The drug-resistant fungal infection typically shows up in hospitals and long-term care facilities.

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A new report from the Centers for Disease Control and Prevention (CDC) details outbreaks of a drug-resistant superbug in hospitals and long-term care facilities in Washington, DC, and Texas. While the fungus—Candida auris—isn't new, the report cites evidence that it is jumping from person to person, which hasn't been documented in the US before.

Between January and April 2021, 123 people were infected with the fungus in DC and Texas, which had a 30-day mortality rate of 30%, according to the report. Several of the infections were resistant to at least one drug and five were resistant to all three types of major antifungal medications that are usually used to treat these infections.

Despite these infection outbreaks in DC and Texas happening in a relatively short period of time, CDC officials say they don't think they're linked. But, they warned in the report, "surveillance, public health reporting, and infection control measures are critical to containing further spread."

Hearing news of a drug-resistant superbug is a little freaky, and you probably have questions about what this means. Infectious disease doctors break it down.

First, what is Candida auris?

Candida auris—or C. auris—is a type of yeast or fungus that the CDC has dubbed a "serious global health threat." It can cause severe illness in people who are hospitalized and can even enter the bloodstream, leading to invasive infections.

The fungus is usually resistant to several antifungal drugs that are used to treat Candida infections. It's also hard to identify these infections using standard lab methods, which can leave people misdiagnosed and without proper treatment for too long.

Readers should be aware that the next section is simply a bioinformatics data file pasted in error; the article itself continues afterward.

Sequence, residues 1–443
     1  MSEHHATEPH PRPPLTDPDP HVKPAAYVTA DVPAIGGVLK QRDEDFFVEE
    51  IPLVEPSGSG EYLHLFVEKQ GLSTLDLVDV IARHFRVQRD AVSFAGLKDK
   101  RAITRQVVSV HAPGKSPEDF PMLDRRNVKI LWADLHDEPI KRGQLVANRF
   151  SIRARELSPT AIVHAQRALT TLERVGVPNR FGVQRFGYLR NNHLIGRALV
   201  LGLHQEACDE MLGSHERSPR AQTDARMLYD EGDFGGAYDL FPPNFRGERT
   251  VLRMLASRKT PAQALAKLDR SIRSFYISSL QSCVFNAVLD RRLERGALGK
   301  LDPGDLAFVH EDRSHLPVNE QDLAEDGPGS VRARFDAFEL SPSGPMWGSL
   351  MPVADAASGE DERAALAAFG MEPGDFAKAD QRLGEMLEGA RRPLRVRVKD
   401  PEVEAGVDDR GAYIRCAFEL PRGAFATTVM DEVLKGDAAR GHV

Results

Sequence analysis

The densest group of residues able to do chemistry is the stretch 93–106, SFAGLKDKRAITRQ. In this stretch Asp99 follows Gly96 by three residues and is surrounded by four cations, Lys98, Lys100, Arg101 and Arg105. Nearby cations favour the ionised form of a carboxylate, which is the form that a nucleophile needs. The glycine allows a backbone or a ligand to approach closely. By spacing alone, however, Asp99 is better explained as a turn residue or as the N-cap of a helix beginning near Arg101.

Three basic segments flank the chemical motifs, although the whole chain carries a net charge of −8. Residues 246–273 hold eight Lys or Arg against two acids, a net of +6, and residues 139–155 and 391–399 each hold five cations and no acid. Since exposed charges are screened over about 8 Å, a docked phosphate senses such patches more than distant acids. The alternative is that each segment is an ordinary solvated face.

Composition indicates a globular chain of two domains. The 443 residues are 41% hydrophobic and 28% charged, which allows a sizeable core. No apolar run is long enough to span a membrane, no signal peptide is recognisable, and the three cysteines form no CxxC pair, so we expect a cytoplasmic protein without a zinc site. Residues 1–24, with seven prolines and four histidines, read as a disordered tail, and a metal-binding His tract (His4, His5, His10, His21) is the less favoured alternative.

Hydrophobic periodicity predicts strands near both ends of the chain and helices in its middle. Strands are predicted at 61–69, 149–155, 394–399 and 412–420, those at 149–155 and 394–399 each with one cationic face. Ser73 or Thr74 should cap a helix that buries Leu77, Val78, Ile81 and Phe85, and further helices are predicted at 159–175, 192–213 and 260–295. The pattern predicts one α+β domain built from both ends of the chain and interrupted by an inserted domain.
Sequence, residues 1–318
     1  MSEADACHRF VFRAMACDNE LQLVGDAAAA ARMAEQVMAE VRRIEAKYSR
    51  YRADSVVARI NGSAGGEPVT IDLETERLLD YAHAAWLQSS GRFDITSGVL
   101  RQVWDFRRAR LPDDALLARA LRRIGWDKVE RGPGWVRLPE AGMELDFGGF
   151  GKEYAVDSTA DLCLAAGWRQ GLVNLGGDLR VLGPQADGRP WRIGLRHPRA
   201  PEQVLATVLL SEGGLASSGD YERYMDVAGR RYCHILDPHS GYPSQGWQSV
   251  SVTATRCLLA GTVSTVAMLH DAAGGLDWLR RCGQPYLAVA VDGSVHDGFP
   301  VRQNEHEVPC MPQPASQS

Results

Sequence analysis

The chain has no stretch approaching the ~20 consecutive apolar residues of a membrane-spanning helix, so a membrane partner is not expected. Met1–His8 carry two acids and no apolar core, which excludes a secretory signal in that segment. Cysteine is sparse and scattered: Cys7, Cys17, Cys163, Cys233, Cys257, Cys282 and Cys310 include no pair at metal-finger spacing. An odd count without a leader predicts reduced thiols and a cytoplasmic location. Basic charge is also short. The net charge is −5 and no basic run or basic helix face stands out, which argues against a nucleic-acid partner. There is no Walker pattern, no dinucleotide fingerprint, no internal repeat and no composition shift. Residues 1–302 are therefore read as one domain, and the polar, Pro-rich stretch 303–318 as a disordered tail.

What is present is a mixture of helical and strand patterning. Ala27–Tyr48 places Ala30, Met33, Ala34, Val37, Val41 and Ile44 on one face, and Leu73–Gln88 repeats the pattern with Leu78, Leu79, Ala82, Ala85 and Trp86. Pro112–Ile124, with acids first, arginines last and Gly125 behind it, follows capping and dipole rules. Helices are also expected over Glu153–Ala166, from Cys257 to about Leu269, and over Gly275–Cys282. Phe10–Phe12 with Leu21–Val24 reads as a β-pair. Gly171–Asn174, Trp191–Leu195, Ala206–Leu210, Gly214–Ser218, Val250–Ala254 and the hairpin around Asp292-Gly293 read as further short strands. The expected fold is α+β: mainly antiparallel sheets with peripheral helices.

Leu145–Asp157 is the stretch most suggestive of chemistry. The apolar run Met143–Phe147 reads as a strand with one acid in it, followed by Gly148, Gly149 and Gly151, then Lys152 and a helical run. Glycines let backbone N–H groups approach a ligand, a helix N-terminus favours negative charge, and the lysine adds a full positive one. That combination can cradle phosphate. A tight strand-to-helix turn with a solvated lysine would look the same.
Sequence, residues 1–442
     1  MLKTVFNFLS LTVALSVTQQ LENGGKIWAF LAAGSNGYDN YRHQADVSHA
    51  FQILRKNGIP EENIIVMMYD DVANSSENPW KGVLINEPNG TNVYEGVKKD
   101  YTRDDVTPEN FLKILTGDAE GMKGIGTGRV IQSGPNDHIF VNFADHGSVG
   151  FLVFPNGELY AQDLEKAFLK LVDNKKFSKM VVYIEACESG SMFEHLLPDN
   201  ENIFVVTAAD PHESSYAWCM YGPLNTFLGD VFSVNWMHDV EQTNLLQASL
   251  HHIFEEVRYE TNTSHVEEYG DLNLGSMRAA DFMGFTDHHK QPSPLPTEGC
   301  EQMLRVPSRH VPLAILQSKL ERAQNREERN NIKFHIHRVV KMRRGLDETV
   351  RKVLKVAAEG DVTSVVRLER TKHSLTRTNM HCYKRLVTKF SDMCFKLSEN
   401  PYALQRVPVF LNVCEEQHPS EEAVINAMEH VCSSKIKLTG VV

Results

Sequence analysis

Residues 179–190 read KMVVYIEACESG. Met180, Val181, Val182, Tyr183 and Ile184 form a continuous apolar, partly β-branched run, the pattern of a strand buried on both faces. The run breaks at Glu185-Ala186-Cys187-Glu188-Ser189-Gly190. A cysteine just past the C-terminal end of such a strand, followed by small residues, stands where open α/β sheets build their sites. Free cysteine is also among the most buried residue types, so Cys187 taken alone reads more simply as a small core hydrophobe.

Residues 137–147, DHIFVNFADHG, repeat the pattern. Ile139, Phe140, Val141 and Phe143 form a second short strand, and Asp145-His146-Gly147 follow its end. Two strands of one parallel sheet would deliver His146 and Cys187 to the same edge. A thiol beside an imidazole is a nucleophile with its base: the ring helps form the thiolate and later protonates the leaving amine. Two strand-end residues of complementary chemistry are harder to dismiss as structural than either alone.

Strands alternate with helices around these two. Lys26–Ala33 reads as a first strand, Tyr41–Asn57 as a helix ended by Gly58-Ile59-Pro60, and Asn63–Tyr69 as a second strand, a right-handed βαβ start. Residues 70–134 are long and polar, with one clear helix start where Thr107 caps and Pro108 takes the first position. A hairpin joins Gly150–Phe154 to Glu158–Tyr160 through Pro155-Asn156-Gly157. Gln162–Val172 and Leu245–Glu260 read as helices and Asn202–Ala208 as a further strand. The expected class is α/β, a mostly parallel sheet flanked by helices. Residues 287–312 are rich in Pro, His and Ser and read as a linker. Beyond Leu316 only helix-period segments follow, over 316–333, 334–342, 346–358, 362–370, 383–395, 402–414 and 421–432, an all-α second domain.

Candida auris is known for causing outbreaks in healthcare settings, William Schaffner, MD, an infectious disease specialist and professor at the Vanderbilt University School of Medicine, tells Health. "This is a real problem among seriously ill patients," he says.

What causes a Candida auris infection?

Candida auris infections can spread in healthcare settings through contact with a contaminated surface or equipment, the CDC says. It can also spread from person to person.

The CDC also says that more information is needed to understand more about how the infection spreads.

What are the symptoms of a Candida auris infection?

This is where things get a little tricky. People who get Candida auris infections are usually already sick from another medical condition, the CDC says, so it can be hard to parse out the exact symptoms.

Still, the most common symptoms are fever and chills that don't get better after treatment with antibiotics.

Because Candida auris infections can be hard to diagnose through symptoms alone, the CDC says infections are usually found through cultures of blood or other bodily fluids—and special laboratory tests are needed to identify Candida auris infections specifically, weeding them out from other more common types of Candida.

How is a Candida auris infection treated?

If a Candida auris infection isn't drug-resistant, it will usually be treated with one of three major classes of medication: azoles, polyenes, and echinocandins.

But things get a little trickier if the Candida auris is resistant to those medications. "That complicates already complicated medical care," Dr. Schaffner says. "It puts us in a very difficult situation."

In these cases, doctors will do all they can to provide supportive treatment for the patient and hope their immune system can fend off the infection, he says. "Often, doctors have to scrape together some type of treatment regimen that is suboptimal in these situations," Amesh A. Adalja, M.D., senior scholar at the Johns Hopkins Center for Health Security, tells Health.

In some cases, Candida auris infections can be fatal, though the CDC says it's not yet known if Candida auris patients are more or less likely to die as compared to other Candida infections. When someone dies from Candida auris infection—or any Candida infection—it's usually because the person had other serious illnesses that also increased their risk of death.

So how worried should you be about drug-resistant Candida auris?

If you're a healthy person and not currently in a hospital or long-term care facility, you really shouldn't stress about this, Dr. Adalja says. "Candida auris is really unable to cause severe disease in healthy individuals," he says. "That is why cases are concentrated in healthcare facilities in nursing homes where frail individuals who are susceptible to it are."

Still, Dr. Adalja says, this "underscores the need to be very proactive when it comes to emerging infectious disease threats and to have a robust pipeline for new anti-microbial agents."

Overall, though, "the healthy general public doesn't have to fear this," Dr. Adalja says.

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